The association further warned that existing NHS funding pledges totalling £1bn will not be enough to cover the cost of meeting the vast swathes of unmet elective care that has built up during the pandemic, and that further resources will be needed if the NHS is to succeed in meeting this next challenge.
The warnings come following the Queen’s speech on 11 May which set out the Government’s legislative agenda for Parliament.
As well as noting the continuation of the COVID vaccination programme, the speech also highlighted the bringing forward of sweeping legislation reforming the health service as set out in the health and care white paper.
The speech also noted the planned introduction of measures to enable the NHS to innovate and embrace technology, tackle public health issues such as obesity and mental health.
Responding to the speech, however, BMA council chair Chaand Nagpaul warned against yet another top-down reorganisation of the NHS at a time when its already understaffed workforce was shattered from its struggle against the pandemic.
He added that the Government would need to at least quadruple its current £1bn additional funding pledge, if the health service was to support existing staff and increase recruitment and retention needed to deal with the elective care backlog.
He said: ‘Giving exhausted staff proper rest and providing much-needed additional resources to make inroads into the record backlog of care left in the wake of the pandemic needs to be the focus right now.
‘It is these same staff who will be instrumental in tackling the record-high waiting lists. But we came into the pandemic with an historic workforce crisis, with significantly fewer than our European counterparts, and now a growing number of our members tell us they’re planning on leaving the NHS due to the distressing and exhausting experiences of the last year.’
He added: ‘While earlier commitments made in the white paper say the legislation will place a duty on the secretary of state to take more responsibility for workforce planning, this must be backed by the Government guaranteeing that staffing levels safely meet the needs of the population – and providing whatever funding and resourcing this requires.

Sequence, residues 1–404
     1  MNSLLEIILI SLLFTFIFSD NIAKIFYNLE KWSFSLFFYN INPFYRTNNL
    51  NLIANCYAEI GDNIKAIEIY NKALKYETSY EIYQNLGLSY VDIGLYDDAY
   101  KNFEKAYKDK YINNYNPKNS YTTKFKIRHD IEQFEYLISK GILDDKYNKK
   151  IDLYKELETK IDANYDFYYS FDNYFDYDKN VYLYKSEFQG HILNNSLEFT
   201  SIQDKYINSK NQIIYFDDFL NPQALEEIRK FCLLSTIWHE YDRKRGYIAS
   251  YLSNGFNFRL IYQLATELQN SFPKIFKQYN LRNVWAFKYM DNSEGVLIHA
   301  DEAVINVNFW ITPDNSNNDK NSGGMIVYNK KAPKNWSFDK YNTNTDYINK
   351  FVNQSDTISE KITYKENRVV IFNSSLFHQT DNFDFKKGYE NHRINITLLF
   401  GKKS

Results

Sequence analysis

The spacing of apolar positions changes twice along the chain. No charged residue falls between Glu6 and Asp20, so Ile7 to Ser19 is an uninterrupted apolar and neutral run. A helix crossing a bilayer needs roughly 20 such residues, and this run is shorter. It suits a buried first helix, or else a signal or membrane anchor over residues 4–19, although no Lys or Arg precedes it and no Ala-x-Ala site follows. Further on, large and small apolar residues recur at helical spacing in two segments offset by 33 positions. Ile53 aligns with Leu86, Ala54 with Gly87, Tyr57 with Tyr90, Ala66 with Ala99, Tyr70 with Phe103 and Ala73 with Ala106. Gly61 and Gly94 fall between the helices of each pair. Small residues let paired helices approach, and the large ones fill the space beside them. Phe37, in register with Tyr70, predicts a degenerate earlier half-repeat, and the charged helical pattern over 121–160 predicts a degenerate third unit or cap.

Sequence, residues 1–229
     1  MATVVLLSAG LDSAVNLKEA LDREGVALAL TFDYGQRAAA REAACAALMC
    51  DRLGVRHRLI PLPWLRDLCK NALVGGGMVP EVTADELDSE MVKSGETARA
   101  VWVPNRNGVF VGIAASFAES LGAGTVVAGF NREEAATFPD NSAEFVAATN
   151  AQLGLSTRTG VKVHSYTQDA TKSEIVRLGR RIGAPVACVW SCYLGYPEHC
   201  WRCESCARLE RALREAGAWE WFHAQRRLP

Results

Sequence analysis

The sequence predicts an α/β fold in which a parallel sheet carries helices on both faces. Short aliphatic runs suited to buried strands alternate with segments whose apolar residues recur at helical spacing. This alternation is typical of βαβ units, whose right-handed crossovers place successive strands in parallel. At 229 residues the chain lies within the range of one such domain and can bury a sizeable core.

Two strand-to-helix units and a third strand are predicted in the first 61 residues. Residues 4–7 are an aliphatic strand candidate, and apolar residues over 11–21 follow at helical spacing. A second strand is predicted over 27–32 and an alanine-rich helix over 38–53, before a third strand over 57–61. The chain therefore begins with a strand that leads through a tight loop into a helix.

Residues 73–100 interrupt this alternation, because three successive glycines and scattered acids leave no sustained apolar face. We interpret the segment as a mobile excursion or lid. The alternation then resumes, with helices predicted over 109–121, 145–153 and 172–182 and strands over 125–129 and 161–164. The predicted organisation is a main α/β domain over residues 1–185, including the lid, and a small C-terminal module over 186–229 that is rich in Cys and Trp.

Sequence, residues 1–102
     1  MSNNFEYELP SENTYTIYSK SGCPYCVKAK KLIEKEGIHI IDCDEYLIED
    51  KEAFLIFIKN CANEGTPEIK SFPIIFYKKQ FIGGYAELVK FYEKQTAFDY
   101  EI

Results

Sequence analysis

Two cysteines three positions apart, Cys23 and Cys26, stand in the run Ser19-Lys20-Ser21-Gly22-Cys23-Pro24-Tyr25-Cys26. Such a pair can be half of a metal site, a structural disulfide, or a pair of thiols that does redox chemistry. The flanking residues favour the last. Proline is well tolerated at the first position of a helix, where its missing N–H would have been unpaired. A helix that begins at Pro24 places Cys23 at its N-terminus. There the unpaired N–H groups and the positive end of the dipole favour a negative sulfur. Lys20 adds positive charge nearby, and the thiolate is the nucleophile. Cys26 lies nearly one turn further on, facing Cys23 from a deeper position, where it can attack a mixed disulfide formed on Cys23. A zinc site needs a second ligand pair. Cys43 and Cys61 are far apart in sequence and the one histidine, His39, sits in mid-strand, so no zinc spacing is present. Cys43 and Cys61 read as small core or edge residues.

‘Doctors know that prevention is better than cure, and commitments to tackling areas of poor health that have been so visibly exposed during the pandemic – including obesity – are positive. However, with public health services undergoing years of savage cuts, these will only be achievable with substantial investment in public health infrastructure and staffing, which the BMA has long called for.’
The Health and Care white paper promises to form the most significant reorganisation of the health service since the Health and Social Care Act of 2012.
While welcoming proposals set out in the white paper, which would require the health secretary to have a duty of responsibility for workforce planning and ensuring adequate levels of staffing, Dr Nagpaul said that greater powers should also be returned to the NHS, particularly on the issue of procurement.
Warning that the health service was overburdened by bureaucracy, he added that lessons from the pandemic had painfully illustrated the problems that could occur when the NHS was required to rely on private providers.
He said: ‘The NHS has for too long been beleaguered by bureaucracy that has obstructed care. It makes no sense that our National Health Service has to put all contracts out to competitive tender – something the BMA has campaigned against since 2012.
‘The Government is taking the first step towards abolishing these wasteful rules, but unless it goes further – making the NHS the default option for delivering NHS services – there is a risk that contracts will be awarded without scrutiny to private providers at huge expense to the taxpayer, as was seen with the procurement of PPE and Test and Trace during the pandemic.’